The thing is, some people go to the doctor constantly and rarely get any healthier. These people exist now, they will exist when Health Care turns socialist. These are patients labeled as “frequent fliers”. Then there are the patients who don’t like waiting, otherwise known as “impatients” (creative, I know); this is on the patient side. On the health-care professional side come those who understand that the process is, under the common conception, free, therefore people won’t leave—they can’t afford going to a private MD so they must wait—hence professionals become patient, they become used to this. After all, it doesn’t affect them. Then numbers come into play: a system that fills the medical needs for tens of millions of people will have its flaws. These represent themselves in the form of missing files, unassigned appointments which are actually assigned, system clashes between identical patients and so on. It may seem trivial to mention flaws within the system as a major cause for malfunctioning but it’s justified: these happen from the start.

Finally, and unfortunately, a socialist system bases itself on trust, something not many countries have. It’s a system in which trust is needed because doctors, with the power to assign appointments, secretaries with the power to change schedules, directives with the power to shift talent from side to side, have contacts on the other end: close friends or relatives become patients, patients need an appointment and they need it fast, friends or relatives become suppliers, suppliers need their product sold and fast—the competition’s better but this one is cheaper—while the rest can wait.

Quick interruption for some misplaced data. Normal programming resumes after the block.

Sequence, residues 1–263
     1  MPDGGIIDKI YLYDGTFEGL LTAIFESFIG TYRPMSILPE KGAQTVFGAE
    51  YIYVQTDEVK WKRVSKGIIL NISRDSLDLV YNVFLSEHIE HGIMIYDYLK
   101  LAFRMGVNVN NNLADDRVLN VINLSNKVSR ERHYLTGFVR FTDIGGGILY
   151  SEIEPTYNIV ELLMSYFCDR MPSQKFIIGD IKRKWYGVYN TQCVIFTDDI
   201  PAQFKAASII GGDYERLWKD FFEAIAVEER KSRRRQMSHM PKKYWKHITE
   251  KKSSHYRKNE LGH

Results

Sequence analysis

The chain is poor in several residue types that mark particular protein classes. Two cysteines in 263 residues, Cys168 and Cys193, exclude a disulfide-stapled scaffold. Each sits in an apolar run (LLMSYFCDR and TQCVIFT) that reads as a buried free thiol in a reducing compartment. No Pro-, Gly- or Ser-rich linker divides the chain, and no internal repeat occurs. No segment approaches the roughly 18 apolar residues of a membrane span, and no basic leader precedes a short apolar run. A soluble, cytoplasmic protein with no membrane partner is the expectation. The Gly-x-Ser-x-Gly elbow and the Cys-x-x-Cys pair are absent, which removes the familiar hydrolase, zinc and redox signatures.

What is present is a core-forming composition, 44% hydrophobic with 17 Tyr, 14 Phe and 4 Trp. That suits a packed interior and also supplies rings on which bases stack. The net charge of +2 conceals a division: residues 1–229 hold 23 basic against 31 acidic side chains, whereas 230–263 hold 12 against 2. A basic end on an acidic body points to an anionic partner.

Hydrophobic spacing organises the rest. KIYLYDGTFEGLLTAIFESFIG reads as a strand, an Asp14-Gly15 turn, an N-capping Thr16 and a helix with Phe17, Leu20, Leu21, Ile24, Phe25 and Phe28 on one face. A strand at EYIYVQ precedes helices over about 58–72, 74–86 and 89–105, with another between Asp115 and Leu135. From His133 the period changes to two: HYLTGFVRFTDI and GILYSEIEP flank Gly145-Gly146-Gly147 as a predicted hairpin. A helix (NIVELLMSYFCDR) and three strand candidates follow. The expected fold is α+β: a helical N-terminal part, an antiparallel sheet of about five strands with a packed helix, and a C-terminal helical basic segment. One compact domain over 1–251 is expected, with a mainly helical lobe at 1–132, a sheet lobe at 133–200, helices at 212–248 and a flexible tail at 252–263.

All these symptoms ironically create costs within the system; the system turns inefficient and the costs to maintain these “mandatory” symptoms (they are, pretty much unavoidable) make socialist-based Health-Care one of the most expensive in the long run. Since costs cannot be shift upwards drastically, the amount of money coming in at first will suffice, within years, when the expenses amount to and equal the income of social security, measures will be taken (too late because the expenses accumulate historically) and, eventually, the system will be forced to privatize itself in order to stay afloat. It is a vicious cycle which can be seen in various countries adapting the socialist health-care system, take a look at Russia, Sweden, Finland and such.

But, yet again, our lives work in cycles and this is just another one.

This is a light, summarized opinion about Health–Care. Heck, it’s only a rant at midnight. But it’s a rant from a biomedical engineer hailing from the country in which the U.S. is basing its social security system.

Cheers.